In six animals from each group, a part of the fresh liver was used to isolate mitochondria and to perform mitochondrial function tests by flow cytometry.
Analytical methods in serum
Analytical parameters (total protein, glucose, cholesterol, triglycerides, free fatty acids, aspartate transaminase and alanine transaminase) were determined in serum by routine laboratory methods using an autoanalyzer (Cobas Mira; Roche Diagnostic System, Basel, Switzerland).
Serum levels of hormones (testosterone, IGF-I and insulin) were assessed by RIA in a GammaChen 9612 Plus (Serono Diagnostics, Roma, Italy) using specific commercial assay systems: a) free testosterone by a Coat-a-Count, DPC (Diagnostic Products Corp., Los Angeles, CA). The sensitivity of total testosterone assay was 4 ng/dL, and the intraassay coefficient of variation was less than 7%; b) assessment of serum IGF-I levels were performed using radioimmunoassay with coated tubes for the determination of IGF-I (IGF binding protein blocked), which included elimination of interference by IGF binding protein through excess IGF-I as well as acid alcohol (ALPCO Diagnostics, Windham, NH). The sensitivity of IGF-I assay was 0.1 ng/mL and the interserial coefficient of variation was 7.4; c) Insulin levels were determined using a specific kit for RIA (LINCO Research, Inc., St. Charles, MO) following protocol instructions. The sensitivity was 0.1 ng/mL.
The homeostasis model assessment (HOMA), as an index of insulin resistance, was assessed using the HOMA Calculator Program version 2.0 based on the HOMA formula [24, 25]. The HOMA estimates steady state β-cell function (percent B) and insulin S (percent S) as percentages of a normal reference population. These measures correspond well but are not necessarily equivalent to non steady state estimates of β-cell function and insulin S derived from stimulatory models such as the hyperinsulinemic clamp, hyperglycemic clamp, iv glucose tolerance test (acute insulin response, minimal model), and the oral glucose tolerance test (0-30 δ insulin/glucose ratio).
Serum Total Antioxidant Status , as total enzymatic and non enzymatic antioxidant capability of serum, was evaluated using a colorimetric assay (Randox Laboratories Ltd., CrumLin, UK) using the following principle: Abts [2,2´-Azino-di-('3-ethylbenzthiazoline sulfonate)] was incubated with a peroxidase (metmyoglobin) and H2O2 to produce the radical cation Abts+. This has a relatively stable blue-green color, which is measured at 600 nm. Antioxidants in the added sample cause suppression of this color production to a degree that is proportional to their concentration .
Parameters of oxidative damage and antioxidant defenses in liver and brain homogenates
Malondianldehyde (MDA) was used as an index of lipid peroxidation  in liver and brain homogenates, and it was measured after heating samples at 45°C for 60 min. in acid medium. It was quantified by a colorimetric assay using LPO-586 (Bioxytech; OXIS International Inc., Portland, OR), which after reacting with MDA generates a stable chromophore that can be measured at 586 nm (Hitachi U2000 Spectro; Roche Molecular Biochemicals, Basel, Switzerland) [26, 27].
Protein Carbonyl Content (PCC)
PCC was determined by the method of Levine et al. . Each sample was divided into two portions containing 1 to 2 mg protein each. An equal volume of 2 M HCl was added to one portion, incubated at room temperature for 1 h, and shaken intermittently. The other portion was treated with an equal volume of 10 mM dinitrophenylhydrazine in 2 M HCl and incubated for 1 h. at room temperature. After incubation, the mixture was precipitated with 10% trichloroacetic acid and centrifuged.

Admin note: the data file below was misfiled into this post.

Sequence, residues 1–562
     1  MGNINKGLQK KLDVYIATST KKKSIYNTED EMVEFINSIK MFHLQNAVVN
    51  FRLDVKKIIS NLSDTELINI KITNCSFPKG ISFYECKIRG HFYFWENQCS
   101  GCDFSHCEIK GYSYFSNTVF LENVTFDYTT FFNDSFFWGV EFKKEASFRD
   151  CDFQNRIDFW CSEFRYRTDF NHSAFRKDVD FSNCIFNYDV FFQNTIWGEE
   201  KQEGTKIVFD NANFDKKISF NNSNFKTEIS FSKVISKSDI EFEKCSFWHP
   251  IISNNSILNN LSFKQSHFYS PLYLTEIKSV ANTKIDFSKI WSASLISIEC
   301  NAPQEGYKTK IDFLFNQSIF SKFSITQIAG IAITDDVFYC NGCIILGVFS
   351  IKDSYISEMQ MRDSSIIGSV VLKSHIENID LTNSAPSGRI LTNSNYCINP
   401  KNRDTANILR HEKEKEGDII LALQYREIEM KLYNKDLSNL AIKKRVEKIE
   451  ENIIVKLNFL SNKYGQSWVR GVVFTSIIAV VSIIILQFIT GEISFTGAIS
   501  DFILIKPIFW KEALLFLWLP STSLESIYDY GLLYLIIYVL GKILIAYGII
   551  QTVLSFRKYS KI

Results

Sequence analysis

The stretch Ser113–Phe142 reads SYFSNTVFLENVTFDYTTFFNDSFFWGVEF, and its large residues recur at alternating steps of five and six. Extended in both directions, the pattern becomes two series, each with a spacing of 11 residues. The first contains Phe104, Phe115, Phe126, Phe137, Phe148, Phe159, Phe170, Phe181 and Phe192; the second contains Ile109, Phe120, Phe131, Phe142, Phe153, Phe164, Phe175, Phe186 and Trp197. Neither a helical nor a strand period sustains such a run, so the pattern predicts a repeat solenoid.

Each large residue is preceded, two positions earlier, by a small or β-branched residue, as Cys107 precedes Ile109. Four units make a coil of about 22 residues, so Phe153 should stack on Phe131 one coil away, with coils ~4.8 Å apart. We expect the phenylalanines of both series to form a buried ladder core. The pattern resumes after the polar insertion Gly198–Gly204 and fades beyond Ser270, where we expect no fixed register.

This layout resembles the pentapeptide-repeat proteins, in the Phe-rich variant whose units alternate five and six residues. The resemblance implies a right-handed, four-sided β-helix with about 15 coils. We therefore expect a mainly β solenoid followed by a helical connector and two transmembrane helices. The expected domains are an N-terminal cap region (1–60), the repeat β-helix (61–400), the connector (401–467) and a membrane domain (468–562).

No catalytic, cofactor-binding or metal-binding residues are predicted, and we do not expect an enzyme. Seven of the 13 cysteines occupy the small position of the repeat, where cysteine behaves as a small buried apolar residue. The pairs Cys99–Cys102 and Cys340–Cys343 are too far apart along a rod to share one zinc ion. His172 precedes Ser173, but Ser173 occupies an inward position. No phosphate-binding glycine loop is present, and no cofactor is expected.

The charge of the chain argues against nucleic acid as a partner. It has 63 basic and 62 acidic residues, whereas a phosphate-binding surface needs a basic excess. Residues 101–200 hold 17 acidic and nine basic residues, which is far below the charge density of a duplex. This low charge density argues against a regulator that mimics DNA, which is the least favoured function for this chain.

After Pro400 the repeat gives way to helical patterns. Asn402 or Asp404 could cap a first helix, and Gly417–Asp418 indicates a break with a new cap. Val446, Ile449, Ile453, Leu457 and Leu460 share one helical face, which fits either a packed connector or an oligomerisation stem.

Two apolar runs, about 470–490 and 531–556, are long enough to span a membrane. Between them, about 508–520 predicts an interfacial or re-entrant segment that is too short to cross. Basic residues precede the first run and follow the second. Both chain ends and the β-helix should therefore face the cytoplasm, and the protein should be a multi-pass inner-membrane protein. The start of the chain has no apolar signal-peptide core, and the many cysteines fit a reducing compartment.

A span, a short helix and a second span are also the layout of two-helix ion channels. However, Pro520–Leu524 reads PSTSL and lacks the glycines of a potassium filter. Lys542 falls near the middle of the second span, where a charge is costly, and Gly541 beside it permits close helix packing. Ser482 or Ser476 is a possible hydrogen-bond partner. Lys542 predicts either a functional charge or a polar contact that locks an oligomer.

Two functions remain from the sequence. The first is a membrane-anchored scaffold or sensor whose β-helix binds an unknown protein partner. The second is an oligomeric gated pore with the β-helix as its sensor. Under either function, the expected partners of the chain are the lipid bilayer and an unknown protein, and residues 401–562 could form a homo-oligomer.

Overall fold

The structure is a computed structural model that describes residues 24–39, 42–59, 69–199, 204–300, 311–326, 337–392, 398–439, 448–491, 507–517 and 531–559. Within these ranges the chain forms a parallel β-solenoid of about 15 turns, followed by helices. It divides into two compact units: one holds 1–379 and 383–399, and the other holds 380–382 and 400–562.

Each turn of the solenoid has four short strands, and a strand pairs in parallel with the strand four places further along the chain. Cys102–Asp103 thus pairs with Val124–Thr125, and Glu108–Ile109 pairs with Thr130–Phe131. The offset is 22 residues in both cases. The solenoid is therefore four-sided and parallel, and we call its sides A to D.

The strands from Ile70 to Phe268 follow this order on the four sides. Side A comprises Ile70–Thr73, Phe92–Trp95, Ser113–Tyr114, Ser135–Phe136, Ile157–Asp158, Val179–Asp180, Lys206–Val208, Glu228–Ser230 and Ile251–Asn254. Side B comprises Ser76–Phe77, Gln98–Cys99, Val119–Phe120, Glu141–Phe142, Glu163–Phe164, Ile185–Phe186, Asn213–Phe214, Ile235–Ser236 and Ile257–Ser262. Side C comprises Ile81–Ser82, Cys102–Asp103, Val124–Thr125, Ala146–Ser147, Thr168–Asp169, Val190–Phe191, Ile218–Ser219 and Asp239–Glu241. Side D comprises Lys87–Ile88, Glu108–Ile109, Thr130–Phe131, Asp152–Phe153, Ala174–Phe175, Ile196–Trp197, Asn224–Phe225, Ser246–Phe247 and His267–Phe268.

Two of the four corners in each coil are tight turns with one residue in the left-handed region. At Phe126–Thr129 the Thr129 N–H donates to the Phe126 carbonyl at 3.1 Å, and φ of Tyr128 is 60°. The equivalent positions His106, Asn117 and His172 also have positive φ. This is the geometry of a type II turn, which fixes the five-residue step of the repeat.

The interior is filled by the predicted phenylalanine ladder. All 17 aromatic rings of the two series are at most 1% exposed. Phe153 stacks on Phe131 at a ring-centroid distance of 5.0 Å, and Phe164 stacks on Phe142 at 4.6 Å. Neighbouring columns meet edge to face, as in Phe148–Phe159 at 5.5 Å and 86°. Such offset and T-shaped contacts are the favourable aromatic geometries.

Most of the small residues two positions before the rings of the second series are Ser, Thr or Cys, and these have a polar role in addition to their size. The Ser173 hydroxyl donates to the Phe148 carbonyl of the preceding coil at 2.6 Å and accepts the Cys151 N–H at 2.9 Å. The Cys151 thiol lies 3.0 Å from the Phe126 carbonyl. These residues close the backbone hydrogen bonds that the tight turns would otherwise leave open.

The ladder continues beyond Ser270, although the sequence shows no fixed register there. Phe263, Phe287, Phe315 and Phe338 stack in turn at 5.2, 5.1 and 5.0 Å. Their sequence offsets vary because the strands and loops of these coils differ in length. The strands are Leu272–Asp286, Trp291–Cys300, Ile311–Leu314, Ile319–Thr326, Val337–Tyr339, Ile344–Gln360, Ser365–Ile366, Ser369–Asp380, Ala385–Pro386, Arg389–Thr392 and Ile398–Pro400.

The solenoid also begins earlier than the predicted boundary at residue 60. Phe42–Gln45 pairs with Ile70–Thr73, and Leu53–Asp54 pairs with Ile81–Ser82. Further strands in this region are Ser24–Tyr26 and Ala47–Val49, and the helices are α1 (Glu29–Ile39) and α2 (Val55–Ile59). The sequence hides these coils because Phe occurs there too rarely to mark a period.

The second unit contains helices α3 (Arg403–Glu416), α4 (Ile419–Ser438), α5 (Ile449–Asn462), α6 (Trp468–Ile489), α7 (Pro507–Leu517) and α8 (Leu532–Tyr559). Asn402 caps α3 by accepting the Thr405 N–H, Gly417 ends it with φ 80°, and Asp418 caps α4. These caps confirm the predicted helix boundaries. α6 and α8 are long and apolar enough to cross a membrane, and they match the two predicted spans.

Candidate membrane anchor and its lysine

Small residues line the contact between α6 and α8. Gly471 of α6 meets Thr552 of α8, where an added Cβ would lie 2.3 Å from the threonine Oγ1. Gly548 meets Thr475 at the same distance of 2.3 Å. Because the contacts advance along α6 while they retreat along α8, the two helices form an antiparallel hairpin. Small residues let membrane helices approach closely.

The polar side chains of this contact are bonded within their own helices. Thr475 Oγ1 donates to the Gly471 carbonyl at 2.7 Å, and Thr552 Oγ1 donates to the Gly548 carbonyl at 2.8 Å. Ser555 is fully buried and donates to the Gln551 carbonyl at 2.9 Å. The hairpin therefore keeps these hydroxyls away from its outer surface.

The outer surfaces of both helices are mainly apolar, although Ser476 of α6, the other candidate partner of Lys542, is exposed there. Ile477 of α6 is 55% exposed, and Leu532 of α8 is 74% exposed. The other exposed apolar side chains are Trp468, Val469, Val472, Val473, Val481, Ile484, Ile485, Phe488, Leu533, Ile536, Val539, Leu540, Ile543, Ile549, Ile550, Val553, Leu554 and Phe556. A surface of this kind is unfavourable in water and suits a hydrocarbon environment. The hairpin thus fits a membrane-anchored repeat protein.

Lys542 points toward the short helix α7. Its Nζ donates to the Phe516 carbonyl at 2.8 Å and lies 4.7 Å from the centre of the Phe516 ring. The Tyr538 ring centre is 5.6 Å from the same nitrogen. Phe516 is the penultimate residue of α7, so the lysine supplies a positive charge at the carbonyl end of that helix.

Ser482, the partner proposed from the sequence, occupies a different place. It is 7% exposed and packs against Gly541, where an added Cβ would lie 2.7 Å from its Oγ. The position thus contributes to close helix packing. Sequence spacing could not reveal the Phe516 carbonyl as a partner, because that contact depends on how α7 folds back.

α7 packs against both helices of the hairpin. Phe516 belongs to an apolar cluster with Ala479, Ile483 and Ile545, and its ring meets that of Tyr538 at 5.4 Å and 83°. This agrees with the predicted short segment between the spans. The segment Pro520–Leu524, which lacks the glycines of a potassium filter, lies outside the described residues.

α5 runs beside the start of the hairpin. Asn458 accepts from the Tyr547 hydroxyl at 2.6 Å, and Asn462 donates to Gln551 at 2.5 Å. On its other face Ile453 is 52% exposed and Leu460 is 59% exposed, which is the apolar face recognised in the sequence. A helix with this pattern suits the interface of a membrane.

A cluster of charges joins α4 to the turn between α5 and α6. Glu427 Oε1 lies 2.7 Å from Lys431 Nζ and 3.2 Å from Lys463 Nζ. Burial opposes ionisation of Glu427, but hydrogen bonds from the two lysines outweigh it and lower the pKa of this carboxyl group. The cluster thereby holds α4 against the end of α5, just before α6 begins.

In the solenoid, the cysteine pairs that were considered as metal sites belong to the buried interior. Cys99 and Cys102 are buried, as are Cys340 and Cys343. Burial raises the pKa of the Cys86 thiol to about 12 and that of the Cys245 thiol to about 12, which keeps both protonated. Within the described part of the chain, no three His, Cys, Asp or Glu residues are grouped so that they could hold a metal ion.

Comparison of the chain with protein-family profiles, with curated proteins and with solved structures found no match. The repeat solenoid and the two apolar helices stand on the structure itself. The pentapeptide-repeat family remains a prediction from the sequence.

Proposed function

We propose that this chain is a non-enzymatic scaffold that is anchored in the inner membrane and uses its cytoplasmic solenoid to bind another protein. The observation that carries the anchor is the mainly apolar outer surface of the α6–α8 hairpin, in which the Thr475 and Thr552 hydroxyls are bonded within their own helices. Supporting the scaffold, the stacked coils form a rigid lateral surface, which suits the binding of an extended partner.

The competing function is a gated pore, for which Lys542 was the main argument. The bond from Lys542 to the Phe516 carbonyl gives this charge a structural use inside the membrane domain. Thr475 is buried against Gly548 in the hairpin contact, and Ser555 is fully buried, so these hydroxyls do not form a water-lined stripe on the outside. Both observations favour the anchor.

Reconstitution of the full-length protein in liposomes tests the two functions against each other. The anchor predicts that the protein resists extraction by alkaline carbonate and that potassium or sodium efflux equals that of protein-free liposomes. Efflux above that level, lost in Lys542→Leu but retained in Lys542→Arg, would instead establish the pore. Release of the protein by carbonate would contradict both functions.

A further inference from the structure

The precipitate was washed with ethanol-ethyl acetate (1:1), twice dissolved in 1 mL 6 M guanidine HCl, centrifuged at low speed, and the supernatant was extracted. The difference in absorbance between the dinitrophenylhydrazine-treated and HCl-treated samples was determined at 366 nm.
Antioxidant Enzyme Activities
Superoxide dismutase (SOD) [Enzyme Commission of the International Union of Biochemistry (EC) 1. 15. 1. 1.], catalase (EC 1. 11. 1. 6.) and glutathione peroxidase (GPX: EC 1. 11. 1. 9.) activities were measured both in brain and liver tissues. Samples were homogenized in Tris-HCl buffer [20 mmol/L (pH 7.4); 1 g tissue/10 mL] at 0°C and centrifuged at 25,000 g for 30 min at 4°C. All measurements were performed in the supernatant. SOD activity was determined at 37°C using a commercial kit (Randox Laboratories) and an autoanalyzer (Cobas Mira; Roche Diagnostic System, Basel, Switzerland). Catalase activity was determined at 25°C by measuring the changes of absorbance using final concentrations of 10 mmol/L H2O2 and 50 mmol/L phosphate buffer (pH 7.0) at 240 nm during the time interval 15-30 sec after addition of the sample [26, 29, 30]. GPX was measured at 37°C with the Ransod commercial kit using the Cobas Mira autoanalyzer, and its activity was expressed in units (1 U equals to 1 μmol substrate turnover/min) per milligram of protein .
GRD (EC 1. 6. 4. 2.) was measured in brain homogenates. Antioxidant activity was determined at 37°C using a commercial kit (Ransod; Randox Laboratories) and the same autoanalyzer as above.
Isolation of liver mitochondria
Liver mitochondrial fraction was prepared according to the method described by Hogeboom and Schneider  with modifications. Liver samples were homogenized (1:10 wt/vol) in an ice-cold isolation buffer (pH 7.4) containing sucrose 0.25 M, KH2PO4 5 mM, 3[N-morholino]propanesulfonic acid 5 mM, and 0.1% BSA. The homogenate was centrifuged at 800 × g for 10 min. The resulting supernatant was centrifuged at 8,500 × g for 10 min. The supernatant was discarded, and the pellet diluted in cold isolation buffer and centrifuged at 8,500 × g for 10 min. three times. The final mitochondria pellet was resuspended in a minimal volume, and aliquots were stored at -80°C until used in enzyme assays. All procedures were conducted at 4°C.
Flow cytometry analysis in isolated mitochondria
Mitochondrial Membrane Potential (MMP)